Physics and Astronomy Colloquium: Flowing through the nuclear phase diagram at the highest temperatu

Date: October 6, 2022
Time: 3:30 p.m. - 5:00 p.m.
Location: Physics & Astronomy Department - Liberal Arts and Sciences # 245 | Map
Category: Seminar

 

Speaker: Dr. Chun Shen, Wayne State University

Title: Flowing through the nuclear phase diagram at the highest temperatures and densities

Abstract: 

Nuclear matter has a complex phase structure, ‚Äčincluding a deconfined Quark-Gluon Plasma (QGP) phase ‚Äčat extreme pressures and temperatures. The hot QGP behaves like an inviscid fluid and filled the universe during its first few microseconds after the Big Bang. High energy collisions of heavy atomic nuclei recreate this hot nuclear matter in the laboratory. In this talk, I will review recent theoretical progress in studying the QGP transport properties. The Relativistic Heavy-Ion Collider (RHIC) has conducted a beam energy scan whose results offer a unique opportunity to study the nuclear phase diagram in a baryon-rich environment. I will highlight the development of a comprehensive framework that can connect the fundamental theory of strong interactions with the RHIC experimental observables. This dynamical framework paves the way for quantitative QGP characterization and locating the critical point in the nuclear phase diagram. These studies will advance our understanding of strongly interacting many-body systems, building interconnections with other areas of physics, including neutron star mergers, string theory, cosmology, and cold atomic gases.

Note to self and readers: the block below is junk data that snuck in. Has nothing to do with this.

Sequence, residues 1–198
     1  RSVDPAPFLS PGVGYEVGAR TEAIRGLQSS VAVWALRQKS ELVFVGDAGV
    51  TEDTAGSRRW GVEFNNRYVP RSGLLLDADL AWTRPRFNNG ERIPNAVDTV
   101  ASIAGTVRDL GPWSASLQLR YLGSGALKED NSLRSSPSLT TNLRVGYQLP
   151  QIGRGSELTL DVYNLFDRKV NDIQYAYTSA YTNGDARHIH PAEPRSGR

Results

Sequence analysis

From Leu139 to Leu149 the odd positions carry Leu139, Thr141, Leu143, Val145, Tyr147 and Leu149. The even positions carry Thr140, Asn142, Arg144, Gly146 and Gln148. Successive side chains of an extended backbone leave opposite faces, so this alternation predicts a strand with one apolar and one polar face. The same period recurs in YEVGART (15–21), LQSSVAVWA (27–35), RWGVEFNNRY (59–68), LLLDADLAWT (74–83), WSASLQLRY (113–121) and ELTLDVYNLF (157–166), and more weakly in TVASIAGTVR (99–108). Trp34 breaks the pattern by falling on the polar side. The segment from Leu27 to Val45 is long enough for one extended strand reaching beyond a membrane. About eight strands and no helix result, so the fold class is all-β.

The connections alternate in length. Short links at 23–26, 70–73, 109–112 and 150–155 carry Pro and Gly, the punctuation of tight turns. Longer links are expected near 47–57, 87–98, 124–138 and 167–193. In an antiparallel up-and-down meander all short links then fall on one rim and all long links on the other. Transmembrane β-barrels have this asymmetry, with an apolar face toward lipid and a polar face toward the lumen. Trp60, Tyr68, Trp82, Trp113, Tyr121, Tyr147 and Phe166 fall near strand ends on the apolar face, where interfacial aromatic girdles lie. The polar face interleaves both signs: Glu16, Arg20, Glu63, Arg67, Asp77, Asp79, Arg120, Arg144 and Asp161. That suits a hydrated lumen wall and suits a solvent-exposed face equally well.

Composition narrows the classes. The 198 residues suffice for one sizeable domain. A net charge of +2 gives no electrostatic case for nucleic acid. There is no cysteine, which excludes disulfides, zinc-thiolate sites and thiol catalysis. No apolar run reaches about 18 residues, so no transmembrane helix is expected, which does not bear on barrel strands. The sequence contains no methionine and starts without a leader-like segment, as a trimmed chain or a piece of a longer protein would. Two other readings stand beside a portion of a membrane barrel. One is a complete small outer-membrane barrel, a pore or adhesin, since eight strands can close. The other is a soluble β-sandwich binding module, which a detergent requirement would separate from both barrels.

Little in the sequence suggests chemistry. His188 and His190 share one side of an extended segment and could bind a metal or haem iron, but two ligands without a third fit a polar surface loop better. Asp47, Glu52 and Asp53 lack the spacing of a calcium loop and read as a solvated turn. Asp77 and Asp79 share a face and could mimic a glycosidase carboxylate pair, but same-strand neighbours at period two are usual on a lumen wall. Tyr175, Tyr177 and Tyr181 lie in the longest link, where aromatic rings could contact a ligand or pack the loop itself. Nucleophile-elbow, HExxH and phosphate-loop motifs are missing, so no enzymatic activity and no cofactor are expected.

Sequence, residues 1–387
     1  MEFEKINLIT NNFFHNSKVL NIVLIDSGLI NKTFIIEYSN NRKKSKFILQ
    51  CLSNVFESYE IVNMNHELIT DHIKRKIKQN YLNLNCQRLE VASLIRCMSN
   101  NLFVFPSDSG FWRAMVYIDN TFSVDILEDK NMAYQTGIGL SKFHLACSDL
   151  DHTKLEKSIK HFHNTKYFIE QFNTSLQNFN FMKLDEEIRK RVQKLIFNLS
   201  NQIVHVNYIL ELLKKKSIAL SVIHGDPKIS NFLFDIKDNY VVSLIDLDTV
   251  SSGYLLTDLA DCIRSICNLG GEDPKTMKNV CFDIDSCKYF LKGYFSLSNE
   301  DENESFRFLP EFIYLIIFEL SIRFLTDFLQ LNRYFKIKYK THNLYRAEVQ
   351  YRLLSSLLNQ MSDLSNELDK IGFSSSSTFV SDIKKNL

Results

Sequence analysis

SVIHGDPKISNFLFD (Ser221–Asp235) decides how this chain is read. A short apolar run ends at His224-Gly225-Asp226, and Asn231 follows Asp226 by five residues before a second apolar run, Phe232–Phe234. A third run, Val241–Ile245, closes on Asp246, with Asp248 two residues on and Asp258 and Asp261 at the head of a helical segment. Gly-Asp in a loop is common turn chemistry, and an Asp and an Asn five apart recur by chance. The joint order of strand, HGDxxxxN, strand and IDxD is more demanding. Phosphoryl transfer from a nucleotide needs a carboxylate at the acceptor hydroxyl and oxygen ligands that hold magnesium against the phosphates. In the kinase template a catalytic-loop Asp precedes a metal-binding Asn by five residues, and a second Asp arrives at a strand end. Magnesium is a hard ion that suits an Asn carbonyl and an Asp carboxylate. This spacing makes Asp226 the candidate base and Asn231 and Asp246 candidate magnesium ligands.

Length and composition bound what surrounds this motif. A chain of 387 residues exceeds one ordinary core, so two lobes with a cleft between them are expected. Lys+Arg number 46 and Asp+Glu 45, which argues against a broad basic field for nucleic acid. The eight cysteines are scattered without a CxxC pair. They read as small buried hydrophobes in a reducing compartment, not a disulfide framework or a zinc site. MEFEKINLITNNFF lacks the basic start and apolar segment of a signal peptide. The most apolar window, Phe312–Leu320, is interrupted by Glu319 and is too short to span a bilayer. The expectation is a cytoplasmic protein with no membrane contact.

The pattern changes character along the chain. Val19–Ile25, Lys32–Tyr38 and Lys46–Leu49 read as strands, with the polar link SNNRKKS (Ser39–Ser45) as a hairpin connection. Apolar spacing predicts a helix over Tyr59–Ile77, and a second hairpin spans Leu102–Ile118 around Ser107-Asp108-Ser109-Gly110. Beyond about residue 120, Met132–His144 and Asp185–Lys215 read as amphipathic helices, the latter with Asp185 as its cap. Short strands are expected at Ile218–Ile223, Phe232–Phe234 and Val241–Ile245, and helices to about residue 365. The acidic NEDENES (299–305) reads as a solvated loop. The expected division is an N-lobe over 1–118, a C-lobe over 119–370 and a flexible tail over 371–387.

Bio:
Prof. Shen got his Ph. D degree from the Ohio State University in 2014. After graduation, he was a postdoc fellow at McGill University and a Goldhaber Fellow at the Brookhaven National Laboratory. He accepted a RIKEN-BNL bridged position as an assistant professor at Wayne State University in 2018. Over the years, he received the 2016 APS dissertation award in nuclear physics and the IUPAP young scientist prize in nuclear physics in 2019. In 2021, he was awarded the DoE Early Career Award.
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